Completely Passive, Non-Recirculating Hydroponic Systems : Some Tips for Large Plants

On yesterday’s post I talked about the existence of completely passive, non-recirculating hydroponic systems and how they can be successfully used for the growth of almost any hydroponic crop you can imagine. Following on this post’s idea today I want to share with you some tips to use this type of system with larger plants so that you can effectively setup your own hydroponic passive farm with the least amount of effort and chance of failure. On today’s post I will talk about the media and system characteristics for the raising of large plants, particularly plants like tomatoes, cucumbers and bell peppers which require large amounts of oxygen, nutrients and solid media support.

If you read the previous post you might remember that when using large plants -like the ones mentioned above – the best thing is to use a media filled container in which the nutrient solution is first close to the surface and then slowly gets used and evaporates from the nutrient solution. However it is also important here to say that there are some specific requirements for the media and some important changes that can be made to guarantee that success will be much more likely to happen.

The solid media used is better divided in two, the first media is a highly absorbent, capillary efficient media (like rice husk combined with sand 1:1) which is put in a small cup or container while the second media is a non-absorbent very capillary deficient media like gravel which is used to occupy the rest of the available space. Other coarse media can also be used to fill the rest of the container like vermiculite or other types of rocks. The important thing here is that the whole media must NOT be efficient at capillary absorption because this will make the whole media wet all the time and it will drown the roots since the “air space” will be non-existent.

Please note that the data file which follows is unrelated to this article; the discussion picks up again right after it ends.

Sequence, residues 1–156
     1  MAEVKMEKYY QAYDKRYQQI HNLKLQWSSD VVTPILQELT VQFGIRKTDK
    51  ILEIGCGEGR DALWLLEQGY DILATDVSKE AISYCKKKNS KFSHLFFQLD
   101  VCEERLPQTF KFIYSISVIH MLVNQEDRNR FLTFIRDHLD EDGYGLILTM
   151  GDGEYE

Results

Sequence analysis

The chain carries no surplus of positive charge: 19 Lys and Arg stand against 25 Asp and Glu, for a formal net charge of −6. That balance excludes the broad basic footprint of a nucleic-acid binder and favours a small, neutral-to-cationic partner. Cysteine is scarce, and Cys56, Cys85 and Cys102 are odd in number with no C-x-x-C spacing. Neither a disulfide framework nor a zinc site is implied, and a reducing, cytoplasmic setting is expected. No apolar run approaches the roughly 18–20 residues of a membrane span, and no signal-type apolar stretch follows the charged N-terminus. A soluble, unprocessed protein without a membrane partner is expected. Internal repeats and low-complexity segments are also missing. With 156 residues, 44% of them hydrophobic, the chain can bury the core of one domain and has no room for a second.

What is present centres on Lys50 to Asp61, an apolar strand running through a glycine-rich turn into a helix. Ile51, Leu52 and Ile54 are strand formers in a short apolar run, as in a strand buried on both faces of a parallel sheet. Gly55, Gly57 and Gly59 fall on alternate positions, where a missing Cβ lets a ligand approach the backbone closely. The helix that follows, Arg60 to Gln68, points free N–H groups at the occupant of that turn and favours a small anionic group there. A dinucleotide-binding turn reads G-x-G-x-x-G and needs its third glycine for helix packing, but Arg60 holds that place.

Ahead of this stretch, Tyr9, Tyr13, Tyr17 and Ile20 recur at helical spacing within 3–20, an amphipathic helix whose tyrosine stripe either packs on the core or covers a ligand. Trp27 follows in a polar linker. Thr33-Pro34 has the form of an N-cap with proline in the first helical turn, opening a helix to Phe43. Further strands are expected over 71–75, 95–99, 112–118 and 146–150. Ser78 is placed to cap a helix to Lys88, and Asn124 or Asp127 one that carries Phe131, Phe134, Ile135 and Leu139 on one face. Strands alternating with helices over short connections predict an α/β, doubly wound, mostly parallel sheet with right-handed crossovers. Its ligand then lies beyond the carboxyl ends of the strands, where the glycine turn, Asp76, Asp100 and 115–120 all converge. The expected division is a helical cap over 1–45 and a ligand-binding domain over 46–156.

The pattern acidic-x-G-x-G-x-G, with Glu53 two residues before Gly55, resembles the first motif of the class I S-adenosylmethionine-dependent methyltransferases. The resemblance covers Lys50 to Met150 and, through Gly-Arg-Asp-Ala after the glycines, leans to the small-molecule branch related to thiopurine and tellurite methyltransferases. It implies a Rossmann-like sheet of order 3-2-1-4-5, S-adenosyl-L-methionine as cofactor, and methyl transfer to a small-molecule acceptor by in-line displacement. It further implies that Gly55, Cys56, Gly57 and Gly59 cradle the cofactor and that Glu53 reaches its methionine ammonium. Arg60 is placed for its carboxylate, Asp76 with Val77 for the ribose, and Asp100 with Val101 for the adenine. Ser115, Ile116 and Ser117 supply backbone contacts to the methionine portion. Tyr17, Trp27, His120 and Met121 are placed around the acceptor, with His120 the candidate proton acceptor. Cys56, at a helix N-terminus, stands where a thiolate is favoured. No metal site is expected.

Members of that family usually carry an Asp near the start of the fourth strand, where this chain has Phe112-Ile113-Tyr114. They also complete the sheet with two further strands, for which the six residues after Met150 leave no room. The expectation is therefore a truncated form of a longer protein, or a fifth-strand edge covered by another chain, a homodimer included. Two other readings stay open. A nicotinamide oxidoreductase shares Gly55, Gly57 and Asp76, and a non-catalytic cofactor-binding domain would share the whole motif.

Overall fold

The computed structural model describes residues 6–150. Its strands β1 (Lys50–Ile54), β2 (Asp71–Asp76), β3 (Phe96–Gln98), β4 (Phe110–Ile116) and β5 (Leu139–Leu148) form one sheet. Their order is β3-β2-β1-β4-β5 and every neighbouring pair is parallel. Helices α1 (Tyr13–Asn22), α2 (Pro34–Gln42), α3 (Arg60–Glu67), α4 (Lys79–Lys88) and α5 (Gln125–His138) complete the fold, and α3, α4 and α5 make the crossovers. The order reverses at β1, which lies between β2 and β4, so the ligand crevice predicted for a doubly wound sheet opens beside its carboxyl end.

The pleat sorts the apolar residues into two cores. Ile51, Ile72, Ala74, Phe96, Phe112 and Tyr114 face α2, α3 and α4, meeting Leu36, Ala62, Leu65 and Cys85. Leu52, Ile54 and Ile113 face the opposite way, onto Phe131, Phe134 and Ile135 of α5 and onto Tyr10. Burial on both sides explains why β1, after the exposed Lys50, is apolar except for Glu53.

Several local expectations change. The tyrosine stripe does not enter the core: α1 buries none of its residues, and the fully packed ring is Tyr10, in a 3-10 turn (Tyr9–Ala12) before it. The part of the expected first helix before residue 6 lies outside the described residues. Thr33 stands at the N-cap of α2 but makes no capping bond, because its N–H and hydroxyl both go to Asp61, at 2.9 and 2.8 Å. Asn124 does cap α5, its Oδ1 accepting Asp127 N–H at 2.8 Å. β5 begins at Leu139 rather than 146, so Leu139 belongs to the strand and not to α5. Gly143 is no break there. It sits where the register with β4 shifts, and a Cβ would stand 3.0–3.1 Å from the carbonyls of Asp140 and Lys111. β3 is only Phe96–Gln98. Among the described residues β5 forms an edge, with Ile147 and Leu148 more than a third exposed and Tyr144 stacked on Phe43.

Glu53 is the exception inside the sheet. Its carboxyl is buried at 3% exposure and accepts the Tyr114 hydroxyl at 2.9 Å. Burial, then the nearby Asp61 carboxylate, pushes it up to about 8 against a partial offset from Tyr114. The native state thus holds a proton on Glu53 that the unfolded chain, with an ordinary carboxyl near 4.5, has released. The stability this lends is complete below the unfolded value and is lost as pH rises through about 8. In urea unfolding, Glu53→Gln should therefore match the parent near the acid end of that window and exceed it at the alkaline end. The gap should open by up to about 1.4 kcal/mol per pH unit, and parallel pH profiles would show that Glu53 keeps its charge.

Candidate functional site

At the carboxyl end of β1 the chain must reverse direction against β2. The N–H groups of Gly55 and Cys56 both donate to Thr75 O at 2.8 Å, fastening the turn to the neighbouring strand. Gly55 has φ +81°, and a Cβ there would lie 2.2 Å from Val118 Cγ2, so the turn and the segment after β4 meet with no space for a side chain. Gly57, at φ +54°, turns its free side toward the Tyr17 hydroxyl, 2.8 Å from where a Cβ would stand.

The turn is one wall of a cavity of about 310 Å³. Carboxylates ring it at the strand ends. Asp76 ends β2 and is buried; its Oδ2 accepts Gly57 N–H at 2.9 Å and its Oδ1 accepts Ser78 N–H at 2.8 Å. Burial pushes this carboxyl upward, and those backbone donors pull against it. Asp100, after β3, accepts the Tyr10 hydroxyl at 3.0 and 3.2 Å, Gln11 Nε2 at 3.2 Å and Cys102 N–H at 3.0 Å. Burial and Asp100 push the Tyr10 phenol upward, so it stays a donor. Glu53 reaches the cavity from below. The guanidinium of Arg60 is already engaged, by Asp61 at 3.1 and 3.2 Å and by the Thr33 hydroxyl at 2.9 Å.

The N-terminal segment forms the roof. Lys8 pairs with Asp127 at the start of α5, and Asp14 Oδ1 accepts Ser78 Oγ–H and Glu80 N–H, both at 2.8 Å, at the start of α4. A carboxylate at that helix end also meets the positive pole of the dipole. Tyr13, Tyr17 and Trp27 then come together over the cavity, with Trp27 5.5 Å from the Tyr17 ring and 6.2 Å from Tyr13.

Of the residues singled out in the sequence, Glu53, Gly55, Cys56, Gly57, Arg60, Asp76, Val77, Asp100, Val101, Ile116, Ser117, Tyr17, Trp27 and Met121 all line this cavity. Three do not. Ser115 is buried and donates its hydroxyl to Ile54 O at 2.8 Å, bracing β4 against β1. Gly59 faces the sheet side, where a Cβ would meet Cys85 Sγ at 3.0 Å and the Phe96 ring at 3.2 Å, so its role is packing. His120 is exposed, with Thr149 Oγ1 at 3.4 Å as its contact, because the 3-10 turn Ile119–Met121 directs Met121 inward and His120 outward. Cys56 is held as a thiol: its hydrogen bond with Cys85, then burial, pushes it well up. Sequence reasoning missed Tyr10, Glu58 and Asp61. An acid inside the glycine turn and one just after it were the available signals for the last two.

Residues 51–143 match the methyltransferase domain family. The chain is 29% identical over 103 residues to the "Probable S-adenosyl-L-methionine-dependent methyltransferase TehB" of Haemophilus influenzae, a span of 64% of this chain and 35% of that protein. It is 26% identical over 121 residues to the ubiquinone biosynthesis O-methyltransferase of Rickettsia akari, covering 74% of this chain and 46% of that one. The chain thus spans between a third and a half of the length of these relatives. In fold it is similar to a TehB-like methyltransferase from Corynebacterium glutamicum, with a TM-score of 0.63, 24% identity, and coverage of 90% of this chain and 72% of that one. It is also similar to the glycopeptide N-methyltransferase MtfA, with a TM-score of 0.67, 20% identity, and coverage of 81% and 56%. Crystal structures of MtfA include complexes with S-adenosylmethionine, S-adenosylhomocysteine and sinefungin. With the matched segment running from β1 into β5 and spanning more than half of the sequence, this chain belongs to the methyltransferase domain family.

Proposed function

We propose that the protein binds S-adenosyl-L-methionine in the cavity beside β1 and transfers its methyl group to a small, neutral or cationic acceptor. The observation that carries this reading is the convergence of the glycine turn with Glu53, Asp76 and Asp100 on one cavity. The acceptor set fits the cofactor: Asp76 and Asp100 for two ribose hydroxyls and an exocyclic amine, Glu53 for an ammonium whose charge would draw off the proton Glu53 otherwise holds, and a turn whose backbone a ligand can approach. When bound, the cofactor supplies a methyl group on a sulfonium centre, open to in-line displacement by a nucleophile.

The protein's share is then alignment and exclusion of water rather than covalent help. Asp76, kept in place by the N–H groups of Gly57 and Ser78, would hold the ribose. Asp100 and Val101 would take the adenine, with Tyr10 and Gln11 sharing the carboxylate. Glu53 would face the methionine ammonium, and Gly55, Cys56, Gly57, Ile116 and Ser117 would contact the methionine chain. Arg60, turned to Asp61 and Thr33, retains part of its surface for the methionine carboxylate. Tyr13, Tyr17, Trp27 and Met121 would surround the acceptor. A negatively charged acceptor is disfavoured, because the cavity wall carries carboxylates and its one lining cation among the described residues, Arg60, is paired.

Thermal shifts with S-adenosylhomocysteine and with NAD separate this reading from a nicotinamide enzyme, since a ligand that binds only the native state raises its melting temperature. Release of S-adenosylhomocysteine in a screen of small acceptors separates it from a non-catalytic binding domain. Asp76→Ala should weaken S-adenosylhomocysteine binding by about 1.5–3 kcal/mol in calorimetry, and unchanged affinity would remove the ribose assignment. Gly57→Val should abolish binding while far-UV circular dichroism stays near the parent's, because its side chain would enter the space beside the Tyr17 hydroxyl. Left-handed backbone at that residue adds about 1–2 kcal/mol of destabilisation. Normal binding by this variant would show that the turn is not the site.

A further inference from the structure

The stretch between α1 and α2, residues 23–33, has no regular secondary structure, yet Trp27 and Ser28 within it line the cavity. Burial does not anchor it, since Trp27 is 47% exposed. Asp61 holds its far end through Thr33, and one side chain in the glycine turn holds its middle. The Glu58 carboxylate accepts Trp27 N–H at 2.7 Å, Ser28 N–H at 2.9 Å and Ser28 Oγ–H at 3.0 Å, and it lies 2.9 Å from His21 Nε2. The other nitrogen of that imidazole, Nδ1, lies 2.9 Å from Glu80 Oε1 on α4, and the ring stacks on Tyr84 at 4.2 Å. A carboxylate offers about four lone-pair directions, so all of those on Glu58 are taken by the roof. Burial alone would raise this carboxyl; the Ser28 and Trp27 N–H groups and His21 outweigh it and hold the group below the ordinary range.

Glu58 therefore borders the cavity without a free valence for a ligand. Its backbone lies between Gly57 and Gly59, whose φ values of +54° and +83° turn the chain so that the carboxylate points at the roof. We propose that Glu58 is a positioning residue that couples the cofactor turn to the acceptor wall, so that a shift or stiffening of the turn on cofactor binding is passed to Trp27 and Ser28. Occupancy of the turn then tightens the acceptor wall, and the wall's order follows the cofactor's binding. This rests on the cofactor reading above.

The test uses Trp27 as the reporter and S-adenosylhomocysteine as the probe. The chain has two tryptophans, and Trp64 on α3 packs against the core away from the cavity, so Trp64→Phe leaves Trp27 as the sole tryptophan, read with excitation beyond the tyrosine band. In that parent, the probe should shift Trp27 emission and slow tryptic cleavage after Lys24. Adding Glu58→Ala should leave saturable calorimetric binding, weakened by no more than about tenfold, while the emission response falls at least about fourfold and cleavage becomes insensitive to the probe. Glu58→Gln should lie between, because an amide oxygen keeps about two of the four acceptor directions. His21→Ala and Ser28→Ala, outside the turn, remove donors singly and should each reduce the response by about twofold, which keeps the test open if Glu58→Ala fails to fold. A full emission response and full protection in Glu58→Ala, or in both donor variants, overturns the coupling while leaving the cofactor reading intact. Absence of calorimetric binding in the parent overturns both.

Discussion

You can follow the diagram above to build a system for a large plant. Note that the container for a large cucumber or tomato plant must be at least 5 gallons and solution needs to be added at a rate of about 1 gallon a month through the crops full life. Note that inserting a small PVC pipe to control volume within the container is always a good idea since you don’t want to put so much solution to drown the roots and make the plant die. Mature tomato plants require a space of at least 50cm of air roots when they are older for their proper development so make sure the container you use is about 70-100 cm tall when you build your system.

Hopefully with this advice you will be able to start your first passive large-plant hydroponic garden without using any electricity. Also remember that this setup requires absolutely no EC or pH adjustments since once added the solution won’t be able to be modified. This however does not cause any problems since the plants adapt to the solution and pH levels acquired. You can also increase the EC or change the nutrient ratios depending on the plant’s stage when you perform the monthly nutrient solution additions to your plant’s personal reservoir. Please feel free to leave any comments with your experiences with this technique !